Mary Roach, best known for her previous books Stiff: The Curious Lives of Human Cadavers ( July/Aug 2003) and Spook: Science Tackles the Afterlife ( Jan/Feb 2006), writes with humor and wit about rather embarrassing topics that nonetheless pique curiosity. Here, she examines sex.
The Topic: Despite the pervasiveness of sexual imagery in modern culture, scientific research on sex remains somewhat taboo. Mary Roach attempts to lift the veil in Bonk by uncovering the wide range of experiments and theories scientists are pursuing to explain the birds and the bees. While for many people research on sex is associated with the psychoanalyst’s couch, Roach’s account focuses on gauges and gadgets, particularly ones that allow her to share entertaining anecdotes about sex and its related organs. Thus, the book is neither a comprehensive look at the modern science of sex nor a self-help manual (who needs another one of those?), but a rambling romp through research into human reproduction.
Norton. 288 pages. $24.95. ISBN: 0393064646
San Francisco Chronicle
"An irrepressible eagerness shines throughout Bonk, the joyful urge to show off the fruits of the journey. … Bonk is a wonderful read, and if you memorize one cocktail-party fact to take away from Roach’s two years spent on this book, it should be this: A Chicago study has shown that men’s colognes actually reduce physical arousal in women." Jack Boulware
Los Angeles Times
"She doesn’t just report on such phenomena as sex-toy factories, pig inseminations or early 20th century plaster casts of vulvas; at the Female Sexual Psychophysiological Laboratory, she measures her arousal with a ‘vaginal photoplethysmograph’ to help study the correlation (or lack of same) between women’s physiological and psychological states of sexual response. … It’s Roach’s willingness to put herself front and center that guarantees both credible intimacy and intimate hilarity." Tara Ison
"Like its predecessors, her new book is a showcase for Roach’s hallmark wit and innovative, thorough approach to research. With her first-person approach, readers venture wherever she does, their embarrassment defused by her uninhibited style." Fred Bortz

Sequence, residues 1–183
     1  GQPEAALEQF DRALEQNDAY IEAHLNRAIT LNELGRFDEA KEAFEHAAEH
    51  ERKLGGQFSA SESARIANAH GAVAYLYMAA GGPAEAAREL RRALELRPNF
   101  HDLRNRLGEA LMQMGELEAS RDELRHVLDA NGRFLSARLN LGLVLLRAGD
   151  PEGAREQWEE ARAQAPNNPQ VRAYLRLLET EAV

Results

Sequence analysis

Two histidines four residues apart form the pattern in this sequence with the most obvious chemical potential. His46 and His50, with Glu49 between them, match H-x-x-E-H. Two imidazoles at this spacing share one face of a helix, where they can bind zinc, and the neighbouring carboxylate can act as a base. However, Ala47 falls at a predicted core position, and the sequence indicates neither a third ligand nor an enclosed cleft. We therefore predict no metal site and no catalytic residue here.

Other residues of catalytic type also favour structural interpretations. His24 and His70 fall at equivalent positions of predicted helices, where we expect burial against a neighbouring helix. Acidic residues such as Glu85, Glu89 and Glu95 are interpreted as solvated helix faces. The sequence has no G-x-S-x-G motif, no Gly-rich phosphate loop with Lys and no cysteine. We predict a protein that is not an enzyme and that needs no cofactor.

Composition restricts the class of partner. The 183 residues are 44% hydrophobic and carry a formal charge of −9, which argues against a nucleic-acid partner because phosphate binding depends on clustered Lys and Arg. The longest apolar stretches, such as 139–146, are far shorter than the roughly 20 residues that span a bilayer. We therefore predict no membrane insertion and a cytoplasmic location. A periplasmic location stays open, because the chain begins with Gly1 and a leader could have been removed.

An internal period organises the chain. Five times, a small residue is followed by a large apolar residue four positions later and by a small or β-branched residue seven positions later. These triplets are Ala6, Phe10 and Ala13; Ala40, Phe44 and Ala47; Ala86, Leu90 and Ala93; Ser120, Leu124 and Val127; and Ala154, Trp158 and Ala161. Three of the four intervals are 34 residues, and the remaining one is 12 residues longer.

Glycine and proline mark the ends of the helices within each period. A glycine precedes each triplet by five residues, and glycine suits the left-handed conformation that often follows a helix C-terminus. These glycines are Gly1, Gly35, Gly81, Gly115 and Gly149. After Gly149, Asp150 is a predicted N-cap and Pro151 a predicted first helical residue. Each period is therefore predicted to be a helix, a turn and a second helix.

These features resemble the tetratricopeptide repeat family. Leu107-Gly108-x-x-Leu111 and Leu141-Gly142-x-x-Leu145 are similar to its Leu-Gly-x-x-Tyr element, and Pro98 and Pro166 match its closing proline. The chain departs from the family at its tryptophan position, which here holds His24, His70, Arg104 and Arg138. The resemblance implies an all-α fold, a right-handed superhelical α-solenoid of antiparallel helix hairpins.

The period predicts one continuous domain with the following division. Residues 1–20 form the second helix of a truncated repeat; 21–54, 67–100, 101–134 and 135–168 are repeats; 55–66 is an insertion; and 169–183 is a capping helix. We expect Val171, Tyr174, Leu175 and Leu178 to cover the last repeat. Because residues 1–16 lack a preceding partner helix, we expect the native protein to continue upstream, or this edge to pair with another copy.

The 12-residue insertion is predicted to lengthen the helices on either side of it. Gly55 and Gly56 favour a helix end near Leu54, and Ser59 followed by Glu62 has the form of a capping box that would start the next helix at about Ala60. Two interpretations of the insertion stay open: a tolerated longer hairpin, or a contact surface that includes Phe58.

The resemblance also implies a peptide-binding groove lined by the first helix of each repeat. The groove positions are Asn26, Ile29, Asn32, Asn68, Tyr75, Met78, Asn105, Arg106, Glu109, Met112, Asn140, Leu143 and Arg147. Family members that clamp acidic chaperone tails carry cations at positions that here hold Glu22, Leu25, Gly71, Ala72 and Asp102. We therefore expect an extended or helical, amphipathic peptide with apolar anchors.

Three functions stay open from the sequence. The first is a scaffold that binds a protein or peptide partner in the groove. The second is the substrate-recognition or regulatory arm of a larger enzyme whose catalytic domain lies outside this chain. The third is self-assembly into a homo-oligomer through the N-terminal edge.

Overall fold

St. Petersburg Times
"This is as light as a science text can get. … But Bonk will help build anyone’s library of sexual euphemisms and provide plenty of ammunition to alter the trajectory of cocktail party conversations, for as long as people continue to invite you to them." Vikas Turakhia
"After a while, though, the gleeful anecdotes start to blur, the gadgets start to merge, and you just want to smoke your cigarette and go to sleep (maybe it’s impossible to avoid innuendo when writing about sex). … Roach provides a generally lively, if occasionally smarmy, account of sex research, but she misses an opportunity to help us think about the values we place on research, science, sex, and, especially, good sex." Rebecca Steinitz
New York Times
"Even the more serious parts of Bonk are aerated by authorial stunts. Most notably, in investigating exactly how researchers study coital imaging, she volunteers to enter an M.R.I. machine with her husband. … What emerges from this experience? One party-perfect anecdote and not much interesting information." Janet Maslin
Most critics liked Bonk. Several reviewers wanted to like it, but just couldn’t. All admired Roach’s wit and uncanny ability to find the right quotations or anecdotes (which, time and again, were described as packaged for a cocktail party). But even those who strongly praised Bonk seemed a little weary of Roach’s jokey storytelling genre, which comes at the expense of exploring fundamental scientific psychological questions. Several reviewers felt that sections of Bonk could have done without an additional witticism or Roach’s personal participation. At the same time, most readers seemed to get exactly what one would expect from a book with this title—a lighthearted fling that neither the reader nor Roach expects to be serious but that keeps both smiling all the way through.